Mental Models for Climate Change and Careers in Policy
About this podcast
You will learn
- Mental models for addressing the climate change challenge
- Insights on building meaningful careers in public policy
- Connecting the career dots, especially if you are interested in pursuing multiple things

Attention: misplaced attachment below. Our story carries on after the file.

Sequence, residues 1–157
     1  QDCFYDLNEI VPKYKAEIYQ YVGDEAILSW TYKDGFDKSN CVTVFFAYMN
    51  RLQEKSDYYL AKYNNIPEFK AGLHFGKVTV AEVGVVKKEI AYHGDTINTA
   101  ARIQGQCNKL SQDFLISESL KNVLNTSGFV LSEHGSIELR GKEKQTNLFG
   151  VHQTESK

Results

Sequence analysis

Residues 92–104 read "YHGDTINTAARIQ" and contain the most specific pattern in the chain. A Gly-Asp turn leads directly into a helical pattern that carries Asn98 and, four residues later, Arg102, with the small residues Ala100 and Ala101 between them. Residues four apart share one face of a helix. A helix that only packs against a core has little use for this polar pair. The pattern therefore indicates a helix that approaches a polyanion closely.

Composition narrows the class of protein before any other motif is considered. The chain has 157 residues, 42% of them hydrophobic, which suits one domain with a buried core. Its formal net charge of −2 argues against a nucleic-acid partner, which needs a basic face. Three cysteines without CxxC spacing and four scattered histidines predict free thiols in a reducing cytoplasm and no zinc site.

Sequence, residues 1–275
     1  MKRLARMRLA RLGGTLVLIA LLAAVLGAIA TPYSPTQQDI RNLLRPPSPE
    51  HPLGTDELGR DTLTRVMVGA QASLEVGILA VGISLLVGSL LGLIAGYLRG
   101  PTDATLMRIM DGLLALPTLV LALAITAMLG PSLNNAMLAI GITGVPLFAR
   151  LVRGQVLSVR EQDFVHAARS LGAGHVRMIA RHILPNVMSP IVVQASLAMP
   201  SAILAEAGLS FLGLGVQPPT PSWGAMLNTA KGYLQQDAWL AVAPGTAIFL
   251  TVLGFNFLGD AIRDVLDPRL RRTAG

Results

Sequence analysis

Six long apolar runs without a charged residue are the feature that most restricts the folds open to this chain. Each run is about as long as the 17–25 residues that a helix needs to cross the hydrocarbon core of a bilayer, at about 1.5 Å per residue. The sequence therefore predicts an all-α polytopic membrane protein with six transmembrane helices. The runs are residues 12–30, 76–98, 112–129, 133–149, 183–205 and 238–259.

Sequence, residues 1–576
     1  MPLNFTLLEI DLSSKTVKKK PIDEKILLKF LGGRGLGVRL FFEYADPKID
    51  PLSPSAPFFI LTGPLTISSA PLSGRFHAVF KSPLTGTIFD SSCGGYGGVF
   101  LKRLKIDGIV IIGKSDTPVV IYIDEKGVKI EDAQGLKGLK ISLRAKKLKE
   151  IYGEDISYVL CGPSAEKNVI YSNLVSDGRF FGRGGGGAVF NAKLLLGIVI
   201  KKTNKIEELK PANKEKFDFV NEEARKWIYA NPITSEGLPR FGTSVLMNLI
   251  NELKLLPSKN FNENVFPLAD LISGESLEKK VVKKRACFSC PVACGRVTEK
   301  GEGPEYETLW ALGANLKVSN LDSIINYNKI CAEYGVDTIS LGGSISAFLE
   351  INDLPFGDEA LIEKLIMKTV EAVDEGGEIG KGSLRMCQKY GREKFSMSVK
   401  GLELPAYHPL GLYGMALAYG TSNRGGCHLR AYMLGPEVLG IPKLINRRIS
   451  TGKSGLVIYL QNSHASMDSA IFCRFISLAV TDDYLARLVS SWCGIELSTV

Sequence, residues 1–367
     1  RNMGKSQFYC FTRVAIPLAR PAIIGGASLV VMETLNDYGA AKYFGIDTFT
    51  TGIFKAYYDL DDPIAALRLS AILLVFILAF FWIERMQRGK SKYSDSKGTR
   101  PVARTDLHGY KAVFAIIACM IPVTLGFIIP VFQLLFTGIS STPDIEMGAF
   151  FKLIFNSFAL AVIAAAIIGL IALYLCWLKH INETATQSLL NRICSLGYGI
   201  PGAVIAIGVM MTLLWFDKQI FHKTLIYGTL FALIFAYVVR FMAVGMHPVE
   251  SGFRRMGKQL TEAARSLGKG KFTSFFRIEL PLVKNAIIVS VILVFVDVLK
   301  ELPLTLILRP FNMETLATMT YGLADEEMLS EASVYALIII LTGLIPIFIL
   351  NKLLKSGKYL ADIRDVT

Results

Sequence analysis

Shloka Nath currently leads the Sustainability and Special Projects portfolio at the Tata Trusts, one of India’s leading philanthropic foundations. In this role she is focused on the organization’s work on climate, energy and environment, implementing and funding sustainable and scalable solutions that help both people and nature thrive through India. She is also the Executive Director of the India Climate Collaborative, an India-led platform founded in 2018 by a group of philanthropies interested in continuing to accelerate India’s development, while also exceeding its climate goals. Prior to this, Shloka co-founded and was the Managing Partner of Sankhya Women Impact Funds, a gender lens fund with a focus on sustainability. Shloka is also an active angel investor in social enterprises and has mentored organizations across sectors. She has spent over a decade in journalism with the BBC in London, as a news anchor with New Delhi Television (NDTV) and Principal Correspondent with Forbes in Mumbai, with a special emphasis on financial inclusion, sustainability and public policy. In 2010, Shloka was nominated for India's highest awards in journalism for her reportage on microfinance in India. In 2014, Shloka served as Campaign Manager for Meera Sanyal, the Aam Aadmi Party (AAP) Candidate for Mumbai (South), for India's General Elections. She was also formerly a speechwriter at the House of Lords (UK) and founded the Research and Studies Programme for Gateway House, a foreign policy think tank in Mumbai. Shloka has a Master's in Public Policy from Harvard's Kennedy School of Government and a BSc in Government from The London School of Economics and Political Science. She is also the author of the book, "Hidden India: Journey to Where the Wild Things Are" (April 2018), a compendium of photographs and writing about Indian wildlife and landscapes.